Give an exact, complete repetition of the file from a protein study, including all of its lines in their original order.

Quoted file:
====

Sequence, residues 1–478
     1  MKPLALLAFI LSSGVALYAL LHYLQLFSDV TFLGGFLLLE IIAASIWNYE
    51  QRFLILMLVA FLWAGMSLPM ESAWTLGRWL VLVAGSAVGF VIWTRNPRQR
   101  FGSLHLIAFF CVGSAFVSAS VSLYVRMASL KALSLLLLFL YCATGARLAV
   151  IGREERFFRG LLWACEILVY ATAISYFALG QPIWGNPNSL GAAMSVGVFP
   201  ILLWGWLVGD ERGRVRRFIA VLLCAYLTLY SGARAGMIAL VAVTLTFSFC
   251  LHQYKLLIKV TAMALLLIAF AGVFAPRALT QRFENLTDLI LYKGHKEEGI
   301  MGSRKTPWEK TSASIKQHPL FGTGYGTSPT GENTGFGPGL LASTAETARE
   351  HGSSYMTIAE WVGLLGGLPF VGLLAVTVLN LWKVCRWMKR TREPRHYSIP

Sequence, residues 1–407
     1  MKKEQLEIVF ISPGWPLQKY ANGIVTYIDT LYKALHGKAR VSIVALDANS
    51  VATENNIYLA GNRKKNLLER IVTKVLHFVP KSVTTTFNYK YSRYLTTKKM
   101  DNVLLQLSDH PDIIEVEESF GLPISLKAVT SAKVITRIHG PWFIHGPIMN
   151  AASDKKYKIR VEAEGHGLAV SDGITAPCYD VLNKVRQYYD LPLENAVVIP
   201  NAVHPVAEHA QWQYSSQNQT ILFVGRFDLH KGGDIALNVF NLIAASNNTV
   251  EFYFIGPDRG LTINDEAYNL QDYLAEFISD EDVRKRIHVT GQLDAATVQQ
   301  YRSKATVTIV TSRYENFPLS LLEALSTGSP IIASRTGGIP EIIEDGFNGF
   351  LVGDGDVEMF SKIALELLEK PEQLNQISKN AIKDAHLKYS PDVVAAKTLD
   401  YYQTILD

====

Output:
Sequence, residues 1–478
     1  MKPLALLAFI LSSGVALYAL LHYLQLFSDV TFLGGFLLLE IIAASIWNYE
    51  QRFLILMLVA FLWAGMSLPM ESAWTLGRWL VLVAGSAVGF VIWTRNPRQR
   101  FGSLHLIAFF CVGSAFVSAS VSLYVRMASL KALSLLLLFL YCATGARLAV
   151  IGREERFFRG LLWACEILVY ATAISYFALG QPIWGNPNSL GAAMSVGVFP
   201  ILLWGWLVGD ERGRVRRFIA VLLCAYLTLY SGARAGMIAL VAVTLTFSFC
   251  LHQYKLLIKV TAMALLLIAF AGVFAPRALT QRFENLTDLI LYKGHKEEGI
   301  MGSRKTPWEK TSASIKQHPL FGTGYGTSPT GENTGFGPGL LASTAETARE
   351  HGSSYMTIAE WVGLLGGLPF VGLLAVTVLN LWKVCRWMKR TREPRHYSIP

Sequence, residues 1–407
     1  MKKEQLEIVF ISPGWPLQKY ANGIVTYIDT LYKALHGKAR VSIVALDANS
    51  VATENNIYLA GNRKKNLLER IVTKVLHFVP KSVTTTFNYK YSRYLTTKKM
   101  DNVLLQLSDH PDIIEVEESF GLPISLKAVT SAKVITRIHG PWFIHGPIMN
   151  AASDKKYKIR VEAEGHGLAV SDGITAPCYD VLNKVRQYYD LPLENAVVIP
   201  NAVHPVAEHA QWQYSSQNQT ILFVGRFDLH KGGDIALNVF NLIAASNNTV
   251  EFYFIGPDRG LTINDEAYNL QDYLAEFISD EDVRKRIHVT GQLDAATVQQ
   301  YRSKATVTIV TSRYENFPLS LLEALSTGSP IIASRTGGIP EIIEDGFNGF
   351  LVGDGDVEMF SKIALELLEK PEQLNQISKN AIKDAHLKYS PDVVAAKTLD
   401  YYQTILD